Amber Krummel awarded prestigious Alfred P. Sloan Research Fellowship
Posted: February 24th, 2015
Amber Krummel, an assistant professor of chemistry at Colorado State University, has been named a 2015 Sloan Research Fellowship recipient by the Alfred P. Sloan Foundation.
This extremely competitive award is the centerpiece of the Sloan Foundation’s support of the best and brightest young researchers in the country – men and women who are often in their first university appointments.
Established in 1955, the fellowships are intended to “identify those who show the most outstanding promise of making fundamental contributions to new knowledge.” And these investments have been well placed: Over the years, 43 Sloan fellows have gone on to win Nobel Prizes, and hundreds have received other prestigious awards and honors.
Using ultrafast laser spectroscopy, Krummel’s research group a focuses on the very small – including, as a primary subject, pore-forming toxins. PFTs, “the first line of offense for many organisms,” are peptides or proteins that form pores in cell membranes by self-assembling in lipid membranes.
The Krummel group specializes in developing ways to measure these self-assembly processes, including microfluidic technology and ultrafast laser spectrometers that are capable of probing chemical interactions that occur on very fast timescales. The combination of microfluidic technology and spectroscopy puts Krummel in a unique position to probe events early in the self-assembly processes.
Understanding PFTs has many applications, one of which could be developing anti-viral, anti-microbial medications.
“We are extremely proud of Amber and the fantastic science she has been doing,” said Chuck Henry, chair of theDepartment of Chemistry. “The Sloan award is one of the top awards given to young investigators in science annually, and it puts Dr. Krummel into an elite group.”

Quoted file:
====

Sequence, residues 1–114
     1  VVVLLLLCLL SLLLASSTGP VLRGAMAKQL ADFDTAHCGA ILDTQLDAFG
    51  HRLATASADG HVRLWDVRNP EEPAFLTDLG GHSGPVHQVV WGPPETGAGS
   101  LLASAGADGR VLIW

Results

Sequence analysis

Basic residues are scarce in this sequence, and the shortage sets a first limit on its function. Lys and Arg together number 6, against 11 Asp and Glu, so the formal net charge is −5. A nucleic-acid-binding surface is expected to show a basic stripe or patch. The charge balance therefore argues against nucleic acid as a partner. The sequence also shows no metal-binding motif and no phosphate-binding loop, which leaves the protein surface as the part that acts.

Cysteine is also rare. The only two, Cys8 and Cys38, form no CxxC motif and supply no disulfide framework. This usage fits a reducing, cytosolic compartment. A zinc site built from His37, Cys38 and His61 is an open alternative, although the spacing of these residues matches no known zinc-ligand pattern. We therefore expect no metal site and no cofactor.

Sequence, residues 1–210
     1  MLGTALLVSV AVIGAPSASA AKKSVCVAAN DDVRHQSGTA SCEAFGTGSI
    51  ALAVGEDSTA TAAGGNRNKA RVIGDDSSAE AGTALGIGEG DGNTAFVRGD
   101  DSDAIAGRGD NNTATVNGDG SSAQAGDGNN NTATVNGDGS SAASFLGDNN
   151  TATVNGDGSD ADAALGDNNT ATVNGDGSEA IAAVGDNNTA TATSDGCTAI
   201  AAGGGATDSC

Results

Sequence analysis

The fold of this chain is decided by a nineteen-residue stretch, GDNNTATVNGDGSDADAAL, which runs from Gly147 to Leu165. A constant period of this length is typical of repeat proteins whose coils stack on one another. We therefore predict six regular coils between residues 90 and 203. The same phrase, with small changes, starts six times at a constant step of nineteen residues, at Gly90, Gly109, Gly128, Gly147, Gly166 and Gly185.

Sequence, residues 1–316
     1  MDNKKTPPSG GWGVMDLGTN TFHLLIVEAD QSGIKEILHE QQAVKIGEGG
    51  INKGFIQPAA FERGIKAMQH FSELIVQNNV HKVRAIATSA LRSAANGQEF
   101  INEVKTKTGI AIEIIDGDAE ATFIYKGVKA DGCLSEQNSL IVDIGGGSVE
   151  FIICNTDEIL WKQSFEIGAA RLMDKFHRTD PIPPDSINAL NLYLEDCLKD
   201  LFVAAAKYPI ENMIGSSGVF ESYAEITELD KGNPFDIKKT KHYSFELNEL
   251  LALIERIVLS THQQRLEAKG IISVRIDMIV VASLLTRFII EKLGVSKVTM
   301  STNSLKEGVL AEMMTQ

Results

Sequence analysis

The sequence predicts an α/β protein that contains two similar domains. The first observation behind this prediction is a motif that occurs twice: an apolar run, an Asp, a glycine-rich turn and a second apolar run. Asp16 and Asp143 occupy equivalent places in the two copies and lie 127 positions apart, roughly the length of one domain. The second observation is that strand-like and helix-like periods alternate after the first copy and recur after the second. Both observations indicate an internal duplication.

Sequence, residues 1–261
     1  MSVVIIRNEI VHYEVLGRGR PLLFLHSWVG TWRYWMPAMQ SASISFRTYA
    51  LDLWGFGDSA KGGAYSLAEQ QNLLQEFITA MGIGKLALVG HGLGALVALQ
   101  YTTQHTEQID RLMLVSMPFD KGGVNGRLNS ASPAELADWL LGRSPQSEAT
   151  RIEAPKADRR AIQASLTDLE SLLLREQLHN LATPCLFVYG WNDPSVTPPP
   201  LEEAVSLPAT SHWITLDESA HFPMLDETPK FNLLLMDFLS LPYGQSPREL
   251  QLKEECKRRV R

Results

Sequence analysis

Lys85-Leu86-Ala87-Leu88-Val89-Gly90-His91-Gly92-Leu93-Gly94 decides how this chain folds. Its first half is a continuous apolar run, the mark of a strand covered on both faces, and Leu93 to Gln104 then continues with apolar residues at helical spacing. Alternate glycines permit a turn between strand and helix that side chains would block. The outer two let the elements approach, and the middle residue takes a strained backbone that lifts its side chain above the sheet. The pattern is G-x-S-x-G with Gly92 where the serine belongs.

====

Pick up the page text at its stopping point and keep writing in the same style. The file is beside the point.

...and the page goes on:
A Powerful Fellowship
Grants of $50,000 are provided to the Sloan fellows, who are free to use the funds in a wide variety of ways to further their research aims. For Krummel, this award could facilitate unforeseen discoveries.
“It is a great honor for me to receive a Sloan Research Fellowship,” she said. “This award affirms the directions I have chosen to follow in my research group, and being selected as a Sloan fellow suggests that we are truly pushing new frontiers of research in the field.
“I also realize that I join a special group of people in being named a Sloan Fellow, but these things are only possible when one has significant support from colleagues in their department and nationally. I feel very fortunate.”
For those at researchers’ home institutions, these awards suggest promising futures indeed.
“Amber was chosen from a large pool of outstanding young professors from throughout the nation,” said College of Natural Sciences Dean Jan Nerger. “The selection process is rigorous, and this fellowship is given only to the best of the best. With faculty like Dr. Krummel, our students, like students at Harvard, Stanford, and the nation’s other top research universities, have the opportunity to learn directly from the brightest minds and best scholars of their time.”
This article is published in the SOURCE, written by Erik Schmidt.